New books for April at the Gitlin Library


AND THE BRIDE CLOSED THE DOOR by RONIT MATALON. This entertaining novel by award winning Matalon unfolds over a single day when the bride locks herself in her bedroom. Margalit ignores her family’s tactics to ensure the wedding will take place and despite their pleas and threats remains silent. She uses scribbled notes and a cryptic poem to communicate from behind the door. A sophisticated look at contemporary Israel and the difficulties of love.

THE FACE TELLS THE SECRET by JANE BERNSTEIN. In this piercing novel, a woman who had an unhappy childhood discovers that she has a severely disabled twin sister. Roxanne finds her twin sister Aviva who cannot verbally communicate. On visiting the home, she meets Baruch a scientist studying micro-expressions. Through his guidance she finds the courage to open up to her sister and surrender to the mystery of what it means to love another.

JUDGMENT by JOSEPH FINDER. Juliana Brody, a Superior Court Judge meets a man at a conference in Chicago and has an unforgettable night with the explicit understanding that this would never happen again. On her return to Boston, she finds that this man has an integral role in a sex-discrimination case she is presiding over. As her professional career and family are threatened, Juliana needs to be as ruthless as her adversaries are in order to turn the tables.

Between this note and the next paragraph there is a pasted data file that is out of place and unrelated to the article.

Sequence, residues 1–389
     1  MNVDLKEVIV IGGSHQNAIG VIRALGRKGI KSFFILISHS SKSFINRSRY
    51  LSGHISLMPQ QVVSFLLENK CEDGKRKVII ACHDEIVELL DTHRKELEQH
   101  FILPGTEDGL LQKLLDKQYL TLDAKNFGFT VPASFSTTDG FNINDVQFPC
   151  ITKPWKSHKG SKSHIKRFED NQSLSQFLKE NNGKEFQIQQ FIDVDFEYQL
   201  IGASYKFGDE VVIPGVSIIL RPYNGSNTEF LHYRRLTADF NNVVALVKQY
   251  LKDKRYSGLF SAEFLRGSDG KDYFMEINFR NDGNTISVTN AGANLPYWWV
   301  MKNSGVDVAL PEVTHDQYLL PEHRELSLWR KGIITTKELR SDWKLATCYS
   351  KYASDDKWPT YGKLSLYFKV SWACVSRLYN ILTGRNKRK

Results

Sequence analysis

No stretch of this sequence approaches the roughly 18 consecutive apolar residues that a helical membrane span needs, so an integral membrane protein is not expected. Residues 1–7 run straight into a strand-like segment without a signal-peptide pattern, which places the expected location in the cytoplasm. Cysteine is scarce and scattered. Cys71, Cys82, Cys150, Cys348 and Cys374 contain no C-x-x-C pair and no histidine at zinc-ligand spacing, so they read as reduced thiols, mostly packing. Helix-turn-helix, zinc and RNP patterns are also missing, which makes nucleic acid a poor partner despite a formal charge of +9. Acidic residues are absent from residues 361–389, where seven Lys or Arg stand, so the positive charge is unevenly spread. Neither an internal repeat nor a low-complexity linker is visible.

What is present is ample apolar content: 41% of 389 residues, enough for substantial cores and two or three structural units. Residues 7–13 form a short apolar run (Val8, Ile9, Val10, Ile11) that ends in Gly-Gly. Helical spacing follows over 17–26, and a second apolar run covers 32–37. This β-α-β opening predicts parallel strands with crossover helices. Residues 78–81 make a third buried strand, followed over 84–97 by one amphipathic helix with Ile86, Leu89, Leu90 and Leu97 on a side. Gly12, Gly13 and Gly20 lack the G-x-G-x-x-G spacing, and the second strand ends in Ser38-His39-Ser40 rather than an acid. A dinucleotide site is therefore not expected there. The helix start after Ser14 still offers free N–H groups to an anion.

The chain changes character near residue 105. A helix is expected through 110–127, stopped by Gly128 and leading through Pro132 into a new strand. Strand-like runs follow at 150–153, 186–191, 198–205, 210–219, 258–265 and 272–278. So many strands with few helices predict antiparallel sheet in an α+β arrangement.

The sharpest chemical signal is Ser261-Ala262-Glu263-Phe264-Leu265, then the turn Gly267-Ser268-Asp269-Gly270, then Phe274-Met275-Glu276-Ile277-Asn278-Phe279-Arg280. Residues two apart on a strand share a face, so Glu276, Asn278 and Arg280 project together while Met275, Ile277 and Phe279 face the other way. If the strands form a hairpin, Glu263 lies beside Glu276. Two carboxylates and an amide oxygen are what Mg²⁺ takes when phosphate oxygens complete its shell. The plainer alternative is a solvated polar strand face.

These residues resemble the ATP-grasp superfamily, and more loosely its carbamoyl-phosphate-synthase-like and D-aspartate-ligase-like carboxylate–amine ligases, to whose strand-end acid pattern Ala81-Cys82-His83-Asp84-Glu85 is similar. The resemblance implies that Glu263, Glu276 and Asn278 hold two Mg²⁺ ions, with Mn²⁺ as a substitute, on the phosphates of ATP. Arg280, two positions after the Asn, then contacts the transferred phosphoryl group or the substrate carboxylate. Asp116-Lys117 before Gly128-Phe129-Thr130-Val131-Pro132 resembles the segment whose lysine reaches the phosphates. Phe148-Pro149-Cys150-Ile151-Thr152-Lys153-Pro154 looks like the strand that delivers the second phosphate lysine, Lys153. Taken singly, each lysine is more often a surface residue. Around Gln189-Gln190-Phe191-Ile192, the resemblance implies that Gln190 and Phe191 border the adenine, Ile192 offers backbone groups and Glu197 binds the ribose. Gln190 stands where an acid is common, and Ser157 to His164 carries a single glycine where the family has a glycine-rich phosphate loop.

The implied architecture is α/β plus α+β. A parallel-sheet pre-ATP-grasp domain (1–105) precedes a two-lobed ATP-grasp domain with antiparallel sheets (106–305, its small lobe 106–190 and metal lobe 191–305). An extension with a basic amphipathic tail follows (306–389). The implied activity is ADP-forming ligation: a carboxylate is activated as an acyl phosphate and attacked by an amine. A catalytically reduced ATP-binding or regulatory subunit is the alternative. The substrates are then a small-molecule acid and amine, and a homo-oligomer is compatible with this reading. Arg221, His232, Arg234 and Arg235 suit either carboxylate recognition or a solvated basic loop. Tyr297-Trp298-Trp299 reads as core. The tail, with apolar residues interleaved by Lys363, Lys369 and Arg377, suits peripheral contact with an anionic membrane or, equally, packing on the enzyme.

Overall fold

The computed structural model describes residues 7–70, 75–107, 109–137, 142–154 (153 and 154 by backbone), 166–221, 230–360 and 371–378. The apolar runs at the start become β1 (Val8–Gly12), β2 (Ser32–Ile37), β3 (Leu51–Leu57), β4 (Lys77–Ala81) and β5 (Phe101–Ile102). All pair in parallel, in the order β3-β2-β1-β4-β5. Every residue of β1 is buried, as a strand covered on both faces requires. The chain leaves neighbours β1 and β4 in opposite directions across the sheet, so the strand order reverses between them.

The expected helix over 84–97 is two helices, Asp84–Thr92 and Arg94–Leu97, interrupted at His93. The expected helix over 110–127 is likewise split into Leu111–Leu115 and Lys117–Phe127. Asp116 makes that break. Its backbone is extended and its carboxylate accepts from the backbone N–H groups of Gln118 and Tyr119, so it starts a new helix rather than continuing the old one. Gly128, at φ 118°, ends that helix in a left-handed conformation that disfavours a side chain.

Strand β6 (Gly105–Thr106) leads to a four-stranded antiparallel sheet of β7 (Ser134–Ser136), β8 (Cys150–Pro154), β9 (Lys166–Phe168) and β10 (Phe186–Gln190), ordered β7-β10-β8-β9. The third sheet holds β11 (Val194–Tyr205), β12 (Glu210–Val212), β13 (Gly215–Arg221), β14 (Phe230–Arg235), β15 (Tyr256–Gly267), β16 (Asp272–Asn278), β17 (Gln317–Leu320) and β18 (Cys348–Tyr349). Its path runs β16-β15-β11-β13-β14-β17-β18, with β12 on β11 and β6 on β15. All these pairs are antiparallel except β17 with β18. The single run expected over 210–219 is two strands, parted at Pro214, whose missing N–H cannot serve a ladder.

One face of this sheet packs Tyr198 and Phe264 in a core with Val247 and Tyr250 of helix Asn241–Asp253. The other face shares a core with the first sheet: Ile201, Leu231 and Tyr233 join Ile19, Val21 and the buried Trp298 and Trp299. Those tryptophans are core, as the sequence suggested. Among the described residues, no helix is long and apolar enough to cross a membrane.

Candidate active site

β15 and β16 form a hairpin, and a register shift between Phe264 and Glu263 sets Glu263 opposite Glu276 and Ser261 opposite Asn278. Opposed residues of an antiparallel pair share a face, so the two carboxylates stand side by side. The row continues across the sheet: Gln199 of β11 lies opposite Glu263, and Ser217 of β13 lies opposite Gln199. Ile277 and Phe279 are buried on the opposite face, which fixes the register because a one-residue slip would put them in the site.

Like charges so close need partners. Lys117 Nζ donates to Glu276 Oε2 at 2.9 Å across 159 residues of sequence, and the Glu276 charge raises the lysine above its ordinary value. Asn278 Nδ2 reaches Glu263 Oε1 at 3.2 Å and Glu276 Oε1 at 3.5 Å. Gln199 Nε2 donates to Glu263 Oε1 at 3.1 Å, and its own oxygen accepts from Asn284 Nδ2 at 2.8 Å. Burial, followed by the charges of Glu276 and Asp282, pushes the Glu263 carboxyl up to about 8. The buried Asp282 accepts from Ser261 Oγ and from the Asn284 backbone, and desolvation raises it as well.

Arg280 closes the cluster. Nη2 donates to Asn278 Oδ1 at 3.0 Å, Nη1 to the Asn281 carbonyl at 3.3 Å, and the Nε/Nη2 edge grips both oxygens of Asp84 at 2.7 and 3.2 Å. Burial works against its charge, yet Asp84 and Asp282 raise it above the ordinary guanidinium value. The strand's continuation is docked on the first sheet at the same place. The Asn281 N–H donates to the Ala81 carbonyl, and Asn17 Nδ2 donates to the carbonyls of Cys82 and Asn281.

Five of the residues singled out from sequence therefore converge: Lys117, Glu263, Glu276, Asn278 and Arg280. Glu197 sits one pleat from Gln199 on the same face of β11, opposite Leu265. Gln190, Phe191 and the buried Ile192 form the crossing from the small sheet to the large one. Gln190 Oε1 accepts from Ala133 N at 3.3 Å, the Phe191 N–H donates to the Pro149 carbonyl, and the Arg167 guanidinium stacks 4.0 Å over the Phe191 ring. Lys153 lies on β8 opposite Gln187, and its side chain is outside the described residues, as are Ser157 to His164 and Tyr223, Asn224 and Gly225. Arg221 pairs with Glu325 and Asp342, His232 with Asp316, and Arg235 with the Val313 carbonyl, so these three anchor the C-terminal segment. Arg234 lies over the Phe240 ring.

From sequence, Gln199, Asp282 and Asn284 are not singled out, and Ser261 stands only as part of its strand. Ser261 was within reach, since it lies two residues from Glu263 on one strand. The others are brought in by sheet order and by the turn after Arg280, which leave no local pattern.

NAAMAH by SARAH BLAKE. The story of Noah and the Ark from the perspective of Noah’s wife, Naamah. Blake describes the construction of the Ark and preparation for the journey and their day-to-day living with a boatload of creatures. The author examines the complex inner life of Naamah who had to leave her lover behind and the psychological implications of being the last eight people left on Earth. An insight into an ancient tale relevant to today.

THE DAUGHTER’S TALE by ARMANDO LUCAS CORREA. In New York, elderly Elise Duval receives a call from a woman who had recently arrived from Cuba. She has letters written by Elise’s mother to her during the war. The story shifts to Berlin when Jewish widow Amanda flees Nazi Germany to unoccupied France. She arrives with only one of her daughters after having secured a safe place for the other in Cuba. A beautiful family saga of love, survival and redemption.

STRANGERS AND COUSINS by LEAH HAGER COHEN. The Blumenthal’s eldest daughter is marrying her college girlfriend. As the story unfolds, it flashes back to a devastating fire in 1927, which affected many of the wedding guests and family members. Many of them are not only concerned about the wedding but the potential influx of Orthodox Jews settling in their small town. By the books end these unforgettable characters have rethought their notions of family and community. An enticing novel exploring the psychic depths of ordinary lives.